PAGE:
Background: A team approach is essential to properly restore the integrity and function of the complete abdominal wall defect. If additional vascularized tissue coverage following this reconstruction is imperative, knowledge of all potential flap alternatives to achieve this goal becomes critical to ensure healing and reduce the risk of recurrent hernia.
Methods: A historical review of algorithms for the management of complex abdominal wall defects was undertaken. Numerous schemas have been suggested as guidelines for flap selection, if needed, and each was carefully scrutinized to determine its contemporary appropriateness.
Results: The method for closure of any abdominal wall defect depends on its size, depth, and location. Previous schemas divided the abdomen into subunits with an inventory of available flaps for each region. Traditionally, muscle or musculocutaneous flaps were most commonly suggested. With the advent of perforator flaps, a new set of options is available to augment the possibilities apropos to the specific abdomen zone.
Conclusions: Complete restoration of even basic function of the abdominal wall requires an intact and contractile musculofascial supporting system. Any incisions or flaps that denervate functioning muscle should be avoided. Perforator flaps have proven to be another reasonable option with which to restore any skin deficiencies whether as pedicled or free flaps and, because by definition no muscle is ever included, maximum function preservation of the abdominal wall will also thereby be achieved.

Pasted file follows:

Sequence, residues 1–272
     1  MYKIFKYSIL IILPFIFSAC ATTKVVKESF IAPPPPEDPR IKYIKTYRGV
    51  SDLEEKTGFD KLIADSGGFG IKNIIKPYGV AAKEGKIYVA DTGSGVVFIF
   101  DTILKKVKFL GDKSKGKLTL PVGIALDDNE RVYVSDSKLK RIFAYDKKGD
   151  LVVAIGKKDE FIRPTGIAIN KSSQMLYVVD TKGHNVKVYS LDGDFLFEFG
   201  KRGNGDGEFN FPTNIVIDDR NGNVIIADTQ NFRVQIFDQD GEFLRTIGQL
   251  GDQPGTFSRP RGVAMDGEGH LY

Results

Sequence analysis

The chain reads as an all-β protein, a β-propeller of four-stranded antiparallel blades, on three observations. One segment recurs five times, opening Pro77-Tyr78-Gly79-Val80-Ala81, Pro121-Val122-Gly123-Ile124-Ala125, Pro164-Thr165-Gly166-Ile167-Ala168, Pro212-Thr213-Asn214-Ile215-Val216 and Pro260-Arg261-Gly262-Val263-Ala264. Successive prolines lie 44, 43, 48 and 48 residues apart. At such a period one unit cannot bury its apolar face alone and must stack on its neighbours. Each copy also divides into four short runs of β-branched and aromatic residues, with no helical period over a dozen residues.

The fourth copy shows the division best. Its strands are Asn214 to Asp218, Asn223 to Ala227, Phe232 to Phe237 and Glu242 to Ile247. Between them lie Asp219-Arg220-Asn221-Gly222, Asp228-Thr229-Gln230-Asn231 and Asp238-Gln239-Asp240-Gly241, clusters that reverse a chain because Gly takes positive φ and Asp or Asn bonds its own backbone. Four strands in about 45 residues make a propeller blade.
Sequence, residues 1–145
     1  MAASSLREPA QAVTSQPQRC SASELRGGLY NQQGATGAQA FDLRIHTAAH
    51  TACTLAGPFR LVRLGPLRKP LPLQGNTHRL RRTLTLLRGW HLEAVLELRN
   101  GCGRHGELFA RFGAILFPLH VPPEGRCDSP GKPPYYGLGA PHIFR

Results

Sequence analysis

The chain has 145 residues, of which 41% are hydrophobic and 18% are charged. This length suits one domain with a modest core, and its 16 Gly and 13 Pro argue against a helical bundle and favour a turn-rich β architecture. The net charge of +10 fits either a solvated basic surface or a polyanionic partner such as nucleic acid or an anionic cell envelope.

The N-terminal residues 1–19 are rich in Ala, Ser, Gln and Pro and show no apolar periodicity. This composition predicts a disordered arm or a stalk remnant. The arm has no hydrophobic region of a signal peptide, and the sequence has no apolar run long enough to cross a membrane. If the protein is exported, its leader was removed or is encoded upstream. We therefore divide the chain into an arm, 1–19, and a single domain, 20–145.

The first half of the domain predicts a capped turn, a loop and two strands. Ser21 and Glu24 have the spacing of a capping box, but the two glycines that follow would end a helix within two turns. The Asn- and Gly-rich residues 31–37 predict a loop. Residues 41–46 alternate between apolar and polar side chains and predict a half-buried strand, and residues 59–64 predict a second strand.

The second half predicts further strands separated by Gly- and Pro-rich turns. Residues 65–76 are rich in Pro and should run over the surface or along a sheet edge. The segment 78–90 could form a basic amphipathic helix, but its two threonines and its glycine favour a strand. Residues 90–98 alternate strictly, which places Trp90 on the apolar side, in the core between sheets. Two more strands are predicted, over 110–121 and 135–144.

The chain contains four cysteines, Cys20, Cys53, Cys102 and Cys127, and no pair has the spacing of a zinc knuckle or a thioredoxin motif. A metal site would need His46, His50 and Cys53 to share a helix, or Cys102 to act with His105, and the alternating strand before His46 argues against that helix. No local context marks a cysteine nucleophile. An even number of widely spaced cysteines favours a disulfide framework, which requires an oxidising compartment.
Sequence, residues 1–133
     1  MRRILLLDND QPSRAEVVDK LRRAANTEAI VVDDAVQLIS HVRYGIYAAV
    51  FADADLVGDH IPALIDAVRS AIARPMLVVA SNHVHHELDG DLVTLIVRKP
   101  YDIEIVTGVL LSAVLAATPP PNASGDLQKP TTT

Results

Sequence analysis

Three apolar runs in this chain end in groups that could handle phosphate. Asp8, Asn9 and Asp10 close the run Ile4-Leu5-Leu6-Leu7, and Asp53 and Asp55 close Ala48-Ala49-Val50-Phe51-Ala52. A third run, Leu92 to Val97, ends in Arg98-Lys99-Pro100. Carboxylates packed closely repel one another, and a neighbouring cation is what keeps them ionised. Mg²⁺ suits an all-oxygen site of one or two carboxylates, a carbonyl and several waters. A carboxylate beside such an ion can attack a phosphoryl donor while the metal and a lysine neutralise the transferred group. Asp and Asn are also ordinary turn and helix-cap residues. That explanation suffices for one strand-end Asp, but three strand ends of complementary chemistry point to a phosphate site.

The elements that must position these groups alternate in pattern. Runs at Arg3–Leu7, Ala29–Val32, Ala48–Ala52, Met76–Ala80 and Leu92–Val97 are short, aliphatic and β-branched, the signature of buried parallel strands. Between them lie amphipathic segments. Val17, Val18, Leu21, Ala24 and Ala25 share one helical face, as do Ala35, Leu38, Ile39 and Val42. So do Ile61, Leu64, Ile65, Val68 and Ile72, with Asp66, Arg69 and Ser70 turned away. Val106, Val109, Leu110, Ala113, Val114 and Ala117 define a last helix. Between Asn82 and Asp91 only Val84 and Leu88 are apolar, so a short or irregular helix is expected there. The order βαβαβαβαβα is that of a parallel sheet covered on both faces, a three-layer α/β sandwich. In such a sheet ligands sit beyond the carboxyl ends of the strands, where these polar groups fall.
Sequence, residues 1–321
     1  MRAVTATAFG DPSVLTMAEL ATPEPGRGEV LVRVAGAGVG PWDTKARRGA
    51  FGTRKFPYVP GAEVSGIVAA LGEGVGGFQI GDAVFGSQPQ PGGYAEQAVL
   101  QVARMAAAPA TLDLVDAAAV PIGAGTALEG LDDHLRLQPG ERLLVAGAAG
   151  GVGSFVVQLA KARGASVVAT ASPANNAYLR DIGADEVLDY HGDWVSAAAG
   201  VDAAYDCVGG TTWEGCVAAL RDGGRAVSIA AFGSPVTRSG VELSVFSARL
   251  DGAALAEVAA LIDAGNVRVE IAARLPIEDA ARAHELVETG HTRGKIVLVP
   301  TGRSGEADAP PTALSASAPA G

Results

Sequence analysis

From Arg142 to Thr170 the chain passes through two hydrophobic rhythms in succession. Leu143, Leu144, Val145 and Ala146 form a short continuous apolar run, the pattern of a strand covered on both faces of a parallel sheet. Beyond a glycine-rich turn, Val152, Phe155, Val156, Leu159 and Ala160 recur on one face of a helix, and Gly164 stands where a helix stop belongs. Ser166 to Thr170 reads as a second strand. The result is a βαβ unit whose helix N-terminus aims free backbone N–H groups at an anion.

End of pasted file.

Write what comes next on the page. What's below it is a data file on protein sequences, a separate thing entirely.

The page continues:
Allentown and Bethlehem, Pa.
From the Division of Plastic Surgery, Sacred Heart Hospital, the Lehigh Valley Hospital, and St. Luke's Hospital.
Received for publication December 26, 2011; accepted April 3, 2012.
Presented in part at the 16th World Congress of the International Confederation for Plastic, Reconstructive, and Aesthetic Surgery, in Vancouver, British Columbia, Canada, May 27, 2011, and the 6th Conference of the World Society for Reconstructive Microsurgery, in Helsinki, Finland, July 1, 2011.
Disclosure: The author has no financial interest to declare in relation to the content of this article.
Geoffrey G. Hallock, M.D.; 1230 South Cedar Crest Boulevard, Suite 306, Allentown, Pa. 18103, email@example.com